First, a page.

Featured album – 666 – Aphrodite’s Child

Anyone who has intelligence may interpret the number of
It is a man’s number
This number is 666

—The Apocalypse of John, 13:18

Yes, indeed. A prog-rock album from 1972 based (somewhat loosely) on the Book of Revelation. “Loosely” because some of it seems to be based on that and in some cases they seem to have said, “Oh the hell with it, let’s just rock.”

And one song – “Infinity” – is just, well, the Greek actress Irene Papas simulating an orgasm. For five minutes. (Which really, really made the record company happy). And the last side (on vinyl) is just a twenty-minute instrumental.

So, if you’re concerned that these guys are invoking the Antichrist, worry no more. As much as I like the album, I’m not sure they were 100% certain what they were trying to say. In fact there was such an internal conflict within the group between pop and progressive styles that by the time the album came out, the band had gone their separate ways.

Who were Aphrodite’s Child? They were a Greek progressive rock band formed in 1967 by Vangelis Papathanassiou (keyboards), Demis Roussous (bass guitar and vocals), Loukas Sideras (drums and vocals), and Silver Koulouris (guitar). They worked mostly in Paris due to a repressive military regime in charge in Greece at the time.  

Inspired by Tommy and Sgt. Pepper, director and writer Costas Ferris wrote the lyrics, Vangelis the music. You may well recognize Vangelis’ name as a purveyor of a somewhat soft-rock symphonic sound as well as the writer of the score for the 1981 movie Chariots of Fire for which he won an Oscar.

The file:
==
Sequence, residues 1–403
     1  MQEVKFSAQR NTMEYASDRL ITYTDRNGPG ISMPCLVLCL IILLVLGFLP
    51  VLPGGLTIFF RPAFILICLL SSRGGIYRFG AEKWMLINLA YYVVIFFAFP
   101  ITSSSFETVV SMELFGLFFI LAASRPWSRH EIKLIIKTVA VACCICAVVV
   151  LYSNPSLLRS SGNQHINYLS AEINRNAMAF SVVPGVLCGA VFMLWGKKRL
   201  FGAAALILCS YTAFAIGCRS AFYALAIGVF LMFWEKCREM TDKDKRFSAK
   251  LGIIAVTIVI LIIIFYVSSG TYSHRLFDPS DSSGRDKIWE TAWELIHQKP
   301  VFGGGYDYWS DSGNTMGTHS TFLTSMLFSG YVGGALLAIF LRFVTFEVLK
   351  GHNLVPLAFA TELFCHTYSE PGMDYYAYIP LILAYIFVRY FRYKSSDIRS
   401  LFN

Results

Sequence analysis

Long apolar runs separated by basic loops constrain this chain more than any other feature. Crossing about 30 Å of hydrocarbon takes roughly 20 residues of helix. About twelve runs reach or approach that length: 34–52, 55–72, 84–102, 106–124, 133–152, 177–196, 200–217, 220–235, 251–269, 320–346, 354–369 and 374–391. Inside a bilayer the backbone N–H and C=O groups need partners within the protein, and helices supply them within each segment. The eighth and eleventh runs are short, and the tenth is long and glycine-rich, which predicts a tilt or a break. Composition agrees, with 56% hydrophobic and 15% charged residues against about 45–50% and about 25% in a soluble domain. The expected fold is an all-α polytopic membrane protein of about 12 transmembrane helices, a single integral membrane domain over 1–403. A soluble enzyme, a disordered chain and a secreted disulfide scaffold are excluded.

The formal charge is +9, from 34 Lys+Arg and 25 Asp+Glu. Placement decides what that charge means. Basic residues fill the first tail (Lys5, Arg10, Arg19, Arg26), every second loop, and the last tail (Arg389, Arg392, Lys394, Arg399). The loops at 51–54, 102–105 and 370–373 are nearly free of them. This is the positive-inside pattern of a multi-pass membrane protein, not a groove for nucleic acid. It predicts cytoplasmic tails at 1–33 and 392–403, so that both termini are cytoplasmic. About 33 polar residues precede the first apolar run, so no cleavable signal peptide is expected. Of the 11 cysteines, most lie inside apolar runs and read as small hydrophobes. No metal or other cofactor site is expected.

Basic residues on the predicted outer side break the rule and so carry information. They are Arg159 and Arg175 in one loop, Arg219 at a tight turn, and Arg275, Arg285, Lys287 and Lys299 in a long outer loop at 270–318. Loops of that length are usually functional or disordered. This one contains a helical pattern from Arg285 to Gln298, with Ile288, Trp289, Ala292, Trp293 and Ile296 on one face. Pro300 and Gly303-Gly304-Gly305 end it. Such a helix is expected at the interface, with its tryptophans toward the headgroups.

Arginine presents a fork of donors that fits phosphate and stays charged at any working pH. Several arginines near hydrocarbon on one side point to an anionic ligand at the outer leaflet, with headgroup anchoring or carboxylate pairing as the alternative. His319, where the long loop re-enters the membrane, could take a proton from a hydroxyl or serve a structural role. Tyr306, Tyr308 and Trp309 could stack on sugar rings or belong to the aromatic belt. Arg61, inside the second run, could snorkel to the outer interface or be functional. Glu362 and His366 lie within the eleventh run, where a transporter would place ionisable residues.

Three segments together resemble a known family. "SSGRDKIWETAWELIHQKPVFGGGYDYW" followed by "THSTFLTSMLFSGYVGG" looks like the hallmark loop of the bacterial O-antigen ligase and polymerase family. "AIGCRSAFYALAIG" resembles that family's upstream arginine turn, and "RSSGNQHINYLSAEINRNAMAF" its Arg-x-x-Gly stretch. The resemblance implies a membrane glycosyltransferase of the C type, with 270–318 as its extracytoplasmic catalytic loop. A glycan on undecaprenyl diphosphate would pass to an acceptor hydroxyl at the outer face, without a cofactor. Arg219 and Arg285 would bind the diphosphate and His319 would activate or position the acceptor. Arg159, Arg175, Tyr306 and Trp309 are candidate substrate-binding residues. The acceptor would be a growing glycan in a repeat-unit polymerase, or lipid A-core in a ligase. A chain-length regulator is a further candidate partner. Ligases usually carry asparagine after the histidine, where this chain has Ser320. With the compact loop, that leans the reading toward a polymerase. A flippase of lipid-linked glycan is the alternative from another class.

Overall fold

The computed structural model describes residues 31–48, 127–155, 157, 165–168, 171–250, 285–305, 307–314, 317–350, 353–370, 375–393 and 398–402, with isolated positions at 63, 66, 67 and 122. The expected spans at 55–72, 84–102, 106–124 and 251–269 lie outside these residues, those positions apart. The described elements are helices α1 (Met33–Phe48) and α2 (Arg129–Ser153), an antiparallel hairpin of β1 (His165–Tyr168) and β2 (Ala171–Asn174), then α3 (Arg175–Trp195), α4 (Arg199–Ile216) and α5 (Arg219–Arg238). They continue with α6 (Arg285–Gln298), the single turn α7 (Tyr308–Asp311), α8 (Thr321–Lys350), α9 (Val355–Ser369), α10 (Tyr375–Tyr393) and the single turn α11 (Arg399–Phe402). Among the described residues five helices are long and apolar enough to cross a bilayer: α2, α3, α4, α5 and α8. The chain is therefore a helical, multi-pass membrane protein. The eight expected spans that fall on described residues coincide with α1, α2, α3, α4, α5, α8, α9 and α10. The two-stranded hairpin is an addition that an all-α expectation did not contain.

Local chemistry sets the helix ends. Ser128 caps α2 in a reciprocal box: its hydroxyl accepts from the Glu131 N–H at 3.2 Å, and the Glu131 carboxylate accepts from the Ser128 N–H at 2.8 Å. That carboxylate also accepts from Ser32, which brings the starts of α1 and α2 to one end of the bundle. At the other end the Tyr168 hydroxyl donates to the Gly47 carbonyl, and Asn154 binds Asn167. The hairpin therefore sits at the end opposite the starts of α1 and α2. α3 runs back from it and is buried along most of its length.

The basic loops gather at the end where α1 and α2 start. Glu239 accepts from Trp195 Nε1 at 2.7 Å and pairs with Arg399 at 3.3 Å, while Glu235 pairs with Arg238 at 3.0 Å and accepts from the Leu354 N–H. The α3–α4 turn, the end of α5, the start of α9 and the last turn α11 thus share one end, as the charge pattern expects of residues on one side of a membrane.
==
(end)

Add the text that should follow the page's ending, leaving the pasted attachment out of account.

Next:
He also composed the Blade Runner score, his music was used in the original Cosmos TV show and he collaborated with Jon Anderson of Yes. (Anderson was reportedly a fan of 666 and asked Vangelis to replace Rick Wakeman in Yes).

This was not, to my knowledge, a widely-played (at least in the States) or particularly well-known album. How I happened to hear it is that in the early ’70’s I visited an old friend of mine who was then living in the Tampa, FL. area.

And the song, “Aegean Sea” was a pretty big regional hit. It’s a nice moody tune that wouldn’t have been out of place on a Pink Floyd  album. (These songs sound fine out of context but the album is best enjoyed in its entirety):

And just in case you’re wondering where the really spooky shit is, check out “The Four Horsemen”:

I mentioned that the album weaves in and out of being about The Book of Revelation. Here’s a perfect example of NOT being about that. These are a cookin’ couple of numbers, “Battle of the Locusts,” morphing into “Do It.” These guys rock so fucking hard it makes me wish there had been more Greek rock bands. “Do It” was named for ’60’s Yippie Jerry Rubin’s book.

According to Wikipedia, “The central concept [of the album] is a countercultural interpretation of the Book of Revelation, in which a circus show based on the apocalypse performs for an audience at the same time that the real apocalypse takes place outside the circus tent, and at the end the two merge into one.” Ah, the Sixties. What the hell. Makes about as much overall sense as Tommy.

Like Dark Side of the Moon, this album taken together creates an undeniable mood. It’s mysterious and even a little creepy at times. AllMusic says this:

“An amazingly bombastic concept album about the Apocalypse of St. John seen as a rock spectacle. Demis Roussos wails the lyrics in a frantically operatic falsetto, while the band pound fiercely through Vangelis’ furiously complex music. It certainly has its moments, but the entire set eventually becomes too overwhelming to sit through.”

I agree with all of that. I think there’s a lot of terrific music on this album but the first two sides do the most for me. If you care to hear the whole thing, here you go: